Unless you’re going to stick to films made before 1927 or so, you’re going to want an audio track in your video. Like video codecs, audio codecs are encoding algorithms, in this case used for audio streams. As with video codecs, there are lossy and lossless audio codecs. And like lossless video, lossless audio is really too big to put on the Web, so I’ll concentrate on lossy audio codecs.
Actually, we can narrow the focus even further, because there are different categories of lossy audio codecs. Audio is used in many places where video is not (telephony, for example), and there is an entire category of audio codecs optimized for encoding speech. You wouldn’t rip a music CD with these codecs, because the result would sound like a four-year-old singing into a speakerphone. But you would use them in an Asterisk PBX, because bandwidth is precious, and these codecs can compress human speech into a fraction of the size of general-purpose codecs. However, due to lack of support in both native browsers and third-party plug-ins, speech-optimized audio codecs never really took off on the Web. So I’ll concentrate on general-purpose lossy audio codecs.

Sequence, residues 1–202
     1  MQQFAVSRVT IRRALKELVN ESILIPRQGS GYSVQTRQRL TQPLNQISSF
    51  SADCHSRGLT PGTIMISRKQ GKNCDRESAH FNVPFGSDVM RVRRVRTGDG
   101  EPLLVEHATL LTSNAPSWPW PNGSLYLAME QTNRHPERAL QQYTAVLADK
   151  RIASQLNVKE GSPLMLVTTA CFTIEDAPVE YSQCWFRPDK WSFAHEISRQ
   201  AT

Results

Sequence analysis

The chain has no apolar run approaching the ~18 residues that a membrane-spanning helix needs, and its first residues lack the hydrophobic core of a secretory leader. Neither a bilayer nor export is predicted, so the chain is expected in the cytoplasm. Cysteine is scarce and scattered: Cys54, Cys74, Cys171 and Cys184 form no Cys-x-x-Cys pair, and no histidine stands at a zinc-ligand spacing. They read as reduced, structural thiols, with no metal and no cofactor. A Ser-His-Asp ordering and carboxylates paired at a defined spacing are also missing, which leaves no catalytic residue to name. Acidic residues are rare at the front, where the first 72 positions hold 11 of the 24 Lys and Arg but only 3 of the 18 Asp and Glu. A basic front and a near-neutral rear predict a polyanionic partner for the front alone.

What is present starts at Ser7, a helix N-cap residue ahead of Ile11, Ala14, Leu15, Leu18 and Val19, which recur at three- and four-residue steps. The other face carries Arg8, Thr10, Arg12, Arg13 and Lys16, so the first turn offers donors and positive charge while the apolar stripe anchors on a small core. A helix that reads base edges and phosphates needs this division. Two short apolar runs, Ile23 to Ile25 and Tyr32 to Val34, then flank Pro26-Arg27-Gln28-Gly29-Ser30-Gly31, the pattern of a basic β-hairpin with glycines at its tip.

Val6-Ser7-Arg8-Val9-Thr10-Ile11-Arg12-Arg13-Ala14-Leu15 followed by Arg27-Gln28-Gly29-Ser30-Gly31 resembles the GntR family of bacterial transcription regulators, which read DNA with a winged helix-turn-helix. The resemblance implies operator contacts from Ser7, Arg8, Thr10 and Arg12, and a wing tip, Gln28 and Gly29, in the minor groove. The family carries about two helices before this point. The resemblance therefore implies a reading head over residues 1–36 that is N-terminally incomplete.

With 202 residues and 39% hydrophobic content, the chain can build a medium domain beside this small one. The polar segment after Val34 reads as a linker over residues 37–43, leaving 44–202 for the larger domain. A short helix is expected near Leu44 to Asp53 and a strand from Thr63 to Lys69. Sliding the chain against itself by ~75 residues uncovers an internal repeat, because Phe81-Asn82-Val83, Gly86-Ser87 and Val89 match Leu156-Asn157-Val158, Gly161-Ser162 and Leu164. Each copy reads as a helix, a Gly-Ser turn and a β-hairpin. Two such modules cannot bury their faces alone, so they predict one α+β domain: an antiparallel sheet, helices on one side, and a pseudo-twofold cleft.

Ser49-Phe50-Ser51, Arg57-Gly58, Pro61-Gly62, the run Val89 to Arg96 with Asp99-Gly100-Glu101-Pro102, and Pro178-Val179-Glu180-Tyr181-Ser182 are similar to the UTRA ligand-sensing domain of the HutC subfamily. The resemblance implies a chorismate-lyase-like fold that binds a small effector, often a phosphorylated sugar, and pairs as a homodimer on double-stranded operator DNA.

As I mentioned in Video Codecs, when you “watch a video,” your computer is doing several things at once:
Interpreting the container format
Decoding the video stream
Decoding the audio stream and sending the sound to your speakers
The audio codec specifies how to do #3—decoding the audio stream and turning it into digital waveforms that ...